When I was a young girl, my mom would write what she called “poison pen letters”. If she was upset about something—service in a restaurant, perhaps—she’d write a letter about it. I saw how her words went into the world and made things happen—sometimes the restaurant would offer a free meal (or at least a free dessert!) And sometimes these changes benefited more than our own family. As chair of the PTA safety committee, my mom started letter writing campaigns that led to a traffic light being installed in a dangerous intersection near my elementary school, and guns and ammunition being removed from our local Kmart. These changes happened because a bunch of women sat together in a lunch room and put words to paper—an important lesson for me to witness as a budding writer.
It continues to be important to me to make a difference in the world through my writing, whether it’s through my novels, or my poetry, or the writing I do for CODEPINK. My mom called her pens poison, but I like to think of ink as something that can heal, that can inspire, that can open people’s eyes and minds and hearts. I want to use my writing to expose injustice, but also to show what people can do to make things better. I want to remind us that we’re all part of the same human story, and we all need to do what we can to write ourselves a brighter and more compassionate future.
--Gayle Brandeis is the author of several books; her first novel, The Book of Dead Birds, won Barbara Kingsolver’s Bellwether Prize for Fiction in Support of a Literature of Social Change, and she was named a Writer Who Makes a Difference by The Writer Magazine. You can learn more about her and her work at www.gaylebrandeis.com
Jeanmarie Simpson developed a play based on the life of Jeanette Rankin, the first female member of Congress and the only legislator to vote against entry into both World Wars. CODEPINK is honored to present her play, Flight of the Dove, as part of our Create, Not Hate campaign. This picture of Jeanmarie with Judd Nelson was taken on the set of the film version of A Single Woman in 2006.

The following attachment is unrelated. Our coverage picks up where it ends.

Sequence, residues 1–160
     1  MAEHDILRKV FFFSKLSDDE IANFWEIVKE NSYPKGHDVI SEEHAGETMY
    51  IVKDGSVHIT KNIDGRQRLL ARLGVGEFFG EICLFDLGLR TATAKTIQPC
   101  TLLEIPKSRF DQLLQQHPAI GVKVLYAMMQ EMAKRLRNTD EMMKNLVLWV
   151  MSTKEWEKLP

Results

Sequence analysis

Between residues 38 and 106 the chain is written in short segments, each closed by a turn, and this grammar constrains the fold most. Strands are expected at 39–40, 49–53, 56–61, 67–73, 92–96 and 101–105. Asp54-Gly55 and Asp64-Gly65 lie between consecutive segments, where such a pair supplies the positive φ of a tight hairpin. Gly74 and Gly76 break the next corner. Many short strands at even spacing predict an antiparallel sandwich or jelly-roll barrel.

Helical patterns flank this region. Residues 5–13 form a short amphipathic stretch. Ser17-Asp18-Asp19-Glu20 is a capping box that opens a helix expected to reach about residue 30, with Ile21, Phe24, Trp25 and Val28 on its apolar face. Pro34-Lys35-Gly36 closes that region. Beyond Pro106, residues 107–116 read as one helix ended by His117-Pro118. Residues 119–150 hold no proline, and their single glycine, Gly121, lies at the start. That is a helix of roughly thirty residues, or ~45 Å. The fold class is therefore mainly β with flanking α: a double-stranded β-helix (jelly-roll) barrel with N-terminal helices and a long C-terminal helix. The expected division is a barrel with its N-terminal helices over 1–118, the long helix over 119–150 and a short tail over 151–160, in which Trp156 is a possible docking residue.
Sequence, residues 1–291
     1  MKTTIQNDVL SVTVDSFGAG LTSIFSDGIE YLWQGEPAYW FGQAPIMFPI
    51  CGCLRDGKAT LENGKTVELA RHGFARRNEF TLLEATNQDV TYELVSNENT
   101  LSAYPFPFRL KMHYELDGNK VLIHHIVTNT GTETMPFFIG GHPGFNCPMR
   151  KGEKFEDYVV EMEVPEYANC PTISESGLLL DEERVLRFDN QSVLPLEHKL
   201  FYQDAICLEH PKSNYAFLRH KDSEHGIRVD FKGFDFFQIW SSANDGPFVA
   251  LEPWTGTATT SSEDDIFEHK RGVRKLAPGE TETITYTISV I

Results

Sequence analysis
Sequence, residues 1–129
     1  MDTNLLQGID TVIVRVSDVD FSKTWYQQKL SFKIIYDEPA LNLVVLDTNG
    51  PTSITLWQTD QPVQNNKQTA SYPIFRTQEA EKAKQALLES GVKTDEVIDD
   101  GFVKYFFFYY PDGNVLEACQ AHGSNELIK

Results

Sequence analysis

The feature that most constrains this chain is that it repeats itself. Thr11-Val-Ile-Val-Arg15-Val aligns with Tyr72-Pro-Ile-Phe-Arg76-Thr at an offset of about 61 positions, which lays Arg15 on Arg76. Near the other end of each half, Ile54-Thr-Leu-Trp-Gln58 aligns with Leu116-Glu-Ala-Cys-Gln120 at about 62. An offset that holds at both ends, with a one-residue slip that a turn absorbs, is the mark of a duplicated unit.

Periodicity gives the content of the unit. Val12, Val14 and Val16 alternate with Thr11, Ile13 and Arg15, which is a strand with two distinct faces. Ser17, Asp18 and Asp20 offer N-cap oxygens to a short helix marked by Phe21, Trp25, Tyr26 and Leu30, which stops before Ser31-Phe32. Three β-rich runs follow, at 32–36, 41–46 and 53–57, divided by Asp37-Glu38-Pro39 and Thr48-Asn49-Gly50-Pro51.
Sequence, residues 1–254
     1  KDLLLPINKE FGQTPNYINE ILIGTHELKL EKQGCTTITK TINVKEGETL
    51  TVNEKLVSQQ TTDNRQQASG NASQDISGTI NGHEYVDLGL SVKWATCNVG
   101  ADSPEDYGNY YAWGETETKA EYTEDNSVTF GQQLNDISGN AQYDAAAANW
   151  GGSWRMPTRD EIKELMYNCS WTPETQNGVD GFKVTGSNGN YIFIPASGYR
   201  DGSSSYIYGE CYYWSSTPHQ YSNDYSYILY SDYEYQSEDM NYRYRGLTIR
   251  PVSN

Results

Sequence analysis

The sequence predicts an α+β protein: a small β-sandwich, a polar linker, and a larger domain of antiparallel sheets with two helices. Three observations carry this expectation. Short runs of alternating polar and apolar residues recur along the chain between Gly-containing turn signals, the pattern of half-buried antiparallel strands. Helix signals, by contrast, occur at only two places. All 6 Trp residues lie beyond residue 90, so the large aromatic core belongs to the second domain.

Jeanmarie on why she is an activist:
We’re all one family. As cliche as that is, I feel it down to my bones. When I approach people as strangers, I become a stranger. When I approach them as friends, I’m a friend and I’m surrounded by friends. I have, in my middle age, discovered that I really can appreciate everyone. I mean, really. We’re all flawed, we’re all human, but we’re also awfully interesting. We’re all related. And we all deserve the very basics. Healthy food, clean water, shelter, clothing, heating in the winter, cooling in the heat of the summer and health care. This is why I am a peace activist. “Peace begins with respect,” said wise and wonderful Quaker, Patsy Gehr, whom I met some years ago. When we respect each other and recognize that we each deserve the very basics, at least, and that reference to the “haves” and the “have nots” should not include that which is necessary to survive, we can begin to relate to each other as what we are – part of the same, beautiful family. And once we get to thinking about it, we realize that war, militarism and all of the “power over” structures built into global society today are detrimental to our health and well being. So we adjust our attitude and the world becomes a whole lot friendlier place and there’s no one we don’t want to comfort and protect.